Madrid airport to Pamplona for May 29. I have found the 00605 ALVIA departing at 10.35 and arriving at 13.40, in plenty of time to find the bus station to meet up with Caroline's transport to St. Jean. My flight lands around 7:10, so I was hoping I would have plenty of time to collect my checked luggage and find transportation to the train station; I'm not sure if this would be by bus or subway. I'm also confused about which train station this is. Any help would be greatly appreciated...I'm getting nervous!
    Thanks, lisa
     
  22. HuskyNerd

    HuskyNerd Super Moderator

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    No probs, Lisa. You can find the itinerary on the Renfe site by clicking on the Alvia link. It shows you as leaving from Atocha station. You have plenty of time to catch the subway there. You can catch the subway at Terminal 4 in the Madrid Barajas airport. You then transfer from the "B" line to the "6" line at Nuevos Ministerios and then transfer just after that again to the "1 'Valdecarlos'" line at Cuatro Caminos. Sounds complicated, but it's all very easy and quick. Here's a subway map you can print out and study so you know your route to Atocha: Metro de Madrid Maps.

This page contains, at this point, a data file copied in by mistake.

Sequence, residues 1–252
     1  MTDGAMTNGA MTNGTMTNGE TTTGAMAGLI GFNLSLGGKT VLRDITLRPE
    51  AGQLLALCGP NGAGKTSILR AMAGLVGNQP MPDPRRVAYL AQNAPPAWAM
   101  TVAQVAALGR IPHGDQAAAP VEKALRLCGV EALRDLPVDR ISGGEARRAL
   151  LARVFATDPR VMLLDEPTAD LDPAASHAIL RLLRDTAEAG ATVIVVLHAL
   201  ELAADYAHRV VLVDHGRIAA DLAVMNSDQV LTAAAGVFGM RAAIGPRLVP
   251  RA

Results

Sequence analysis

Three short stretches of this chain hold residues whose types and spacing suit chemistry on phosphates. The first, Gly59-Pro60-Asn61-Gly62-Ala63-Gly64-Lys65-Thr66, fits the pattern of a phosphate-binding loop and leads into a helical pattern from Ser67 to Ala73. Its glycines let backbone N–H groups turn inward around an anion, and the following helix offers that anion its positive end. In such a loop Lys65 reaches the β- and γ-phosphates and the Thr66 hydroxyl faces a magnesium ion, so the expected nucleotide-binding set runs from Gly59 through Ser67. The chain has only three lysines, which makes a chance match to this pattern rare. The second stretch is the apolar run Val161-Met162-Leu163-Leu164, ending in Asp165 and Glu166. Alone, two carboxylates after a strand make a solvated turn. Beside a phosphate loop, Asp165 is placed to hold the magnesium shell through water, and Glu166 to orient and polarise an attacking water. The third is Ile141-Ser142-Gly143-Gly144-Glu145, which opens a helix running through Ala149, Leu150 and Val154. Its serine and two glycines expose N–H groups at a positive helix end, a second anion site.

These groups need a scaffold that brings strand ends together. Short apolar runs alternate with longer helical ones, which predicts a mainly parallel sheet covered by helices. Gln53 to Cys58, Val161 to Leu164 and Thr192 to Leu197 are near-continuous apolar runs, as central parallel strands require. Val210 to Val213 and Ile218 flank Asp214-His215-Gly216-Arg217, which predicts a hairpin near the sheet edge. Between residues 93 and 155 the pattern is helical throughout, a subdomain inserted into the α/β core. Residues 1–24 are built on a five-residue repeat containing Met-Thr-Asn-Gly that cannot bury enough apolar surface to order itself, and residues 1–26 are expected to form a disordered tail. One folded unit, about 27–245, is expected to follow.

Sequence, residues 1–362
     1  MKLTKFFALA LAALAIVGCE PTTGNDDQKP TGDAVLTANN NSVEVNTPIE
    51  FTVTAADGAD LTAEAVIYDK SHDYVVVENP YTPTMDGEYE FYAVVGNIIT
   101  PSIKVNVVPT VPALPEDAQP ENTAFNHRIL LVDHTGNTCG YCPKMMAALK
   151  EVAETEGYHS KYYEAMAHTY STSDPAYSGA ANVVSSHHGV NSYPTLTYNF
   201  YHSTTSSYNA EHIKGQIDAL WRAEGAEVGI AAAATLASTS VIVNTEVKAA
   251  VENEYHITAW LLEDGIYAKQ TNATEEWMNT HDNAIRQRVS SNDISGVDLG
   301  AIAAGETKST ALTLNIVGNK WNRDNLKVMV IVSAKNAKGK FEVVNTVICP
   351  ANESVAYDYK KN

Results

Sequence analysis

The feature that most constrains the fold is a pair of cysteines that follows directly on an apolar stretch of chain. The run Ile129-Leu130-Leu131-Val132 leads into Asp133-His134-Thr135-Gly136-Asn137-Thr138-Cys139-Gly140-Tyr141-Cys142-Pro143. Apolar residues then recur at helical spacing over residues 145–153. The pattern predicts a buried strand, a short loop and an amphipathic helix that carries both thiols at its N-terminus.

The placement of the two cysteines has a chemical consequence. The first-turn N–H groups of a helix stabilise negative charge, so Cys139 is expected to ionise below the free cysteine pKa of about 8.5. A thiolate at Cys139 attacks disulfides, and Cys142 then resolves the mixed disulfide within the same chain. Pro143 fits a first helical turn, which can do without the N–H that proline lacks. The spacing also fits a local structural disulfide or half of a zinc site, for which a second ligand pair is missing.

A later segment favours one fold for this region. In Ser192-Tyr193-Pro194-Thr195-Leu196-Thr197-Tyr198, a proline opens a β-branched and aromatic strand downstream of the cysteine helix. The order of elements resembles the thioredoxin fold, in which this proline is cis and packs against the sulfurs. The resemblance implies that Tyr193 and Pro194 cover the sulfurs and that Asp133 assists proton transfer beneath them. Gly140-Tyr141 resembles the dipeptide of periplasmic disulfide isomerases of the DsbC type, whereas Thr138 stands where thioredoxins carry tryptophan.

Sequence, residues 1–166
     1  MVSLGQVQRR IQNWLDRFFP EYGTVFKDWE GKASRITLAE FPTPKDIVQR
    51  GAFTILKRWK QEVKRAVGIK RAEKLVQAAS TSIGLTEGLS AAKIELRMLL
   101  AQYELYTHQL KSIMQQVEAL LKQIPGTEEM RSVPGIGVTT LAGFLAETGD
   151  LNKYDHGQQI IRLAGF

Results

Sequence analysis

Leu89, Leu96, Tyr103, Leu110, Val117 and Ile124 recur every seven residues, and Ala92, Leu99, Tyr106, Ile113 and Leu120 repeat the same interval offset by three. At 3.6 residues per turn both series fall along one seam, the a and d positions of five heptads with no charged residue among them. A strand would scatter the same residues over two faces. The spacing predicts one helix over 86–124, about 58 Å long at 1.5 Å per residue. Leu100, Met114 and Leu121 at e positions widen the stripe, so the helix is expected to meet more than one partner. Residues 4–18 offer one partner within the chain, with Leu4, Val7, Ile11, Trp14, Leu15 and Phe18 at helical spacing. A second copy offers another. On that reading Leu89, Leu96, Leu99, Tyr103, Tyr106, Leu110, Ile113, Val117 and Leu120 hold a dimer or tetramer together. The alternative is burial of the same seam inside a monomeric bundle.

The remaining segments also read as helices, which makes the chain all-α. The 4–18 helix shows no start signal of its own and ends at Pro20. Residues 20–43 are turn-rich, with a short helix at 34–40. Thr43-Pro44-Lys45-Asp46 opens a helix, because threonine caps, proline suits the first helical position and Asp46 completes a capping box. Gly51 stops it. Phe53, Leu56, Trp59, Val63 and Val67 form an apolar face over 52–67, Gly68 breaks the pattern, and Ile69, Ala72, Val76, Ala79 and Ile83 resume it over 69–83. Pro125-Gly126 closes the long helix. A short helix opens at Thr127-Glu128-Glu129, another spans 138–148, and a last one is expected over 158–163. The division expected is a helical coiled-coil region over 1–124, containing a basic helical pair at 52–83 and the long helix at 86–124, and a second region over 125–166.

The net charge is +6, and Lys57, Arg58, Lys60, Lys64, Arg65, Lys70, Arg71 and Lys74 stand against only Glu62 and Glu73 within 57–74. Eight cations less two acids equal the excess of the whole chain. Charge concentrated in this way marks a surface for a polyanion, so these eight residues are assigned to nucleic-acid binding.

You'll have lots of time once you arrive at Atocha. Rather than hang around the railway station you can head above ground where you'll find yourself in the midst of the museum district. The Reina Sofia Museum (modern art) is a couple blocks away and The Prado (historic art) is a couple blocks away in the other direction. Both are some of the greatest museums in the world. You have time for lunch in the area, which is full of shops and stores -- a very nice few hours while you await your train. Once in Pamplona it's a quick taxi ride to the bus station to meet Caroline. Buen camino!